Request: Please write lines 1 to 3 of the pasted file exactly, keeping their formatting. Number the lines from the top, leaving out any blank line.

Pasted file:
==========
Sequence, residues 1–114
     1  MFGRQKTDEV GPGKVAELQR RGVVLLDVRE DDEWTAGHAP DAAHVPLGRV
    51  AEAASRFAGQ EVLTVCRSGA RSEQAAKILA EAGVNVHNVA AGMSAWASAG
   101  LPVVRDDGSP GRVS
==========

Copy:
Sequence, residues 1–114
     1  MFGRQKTDEV GPGKVAELQR RGVVLLDVRE DDEWTAGHAP DAAHVPLGRV
    51  AEAASRFAGQ EVLTVCRSGA RSEQAAKILA EAGVNVHNVA AGMSAWASAG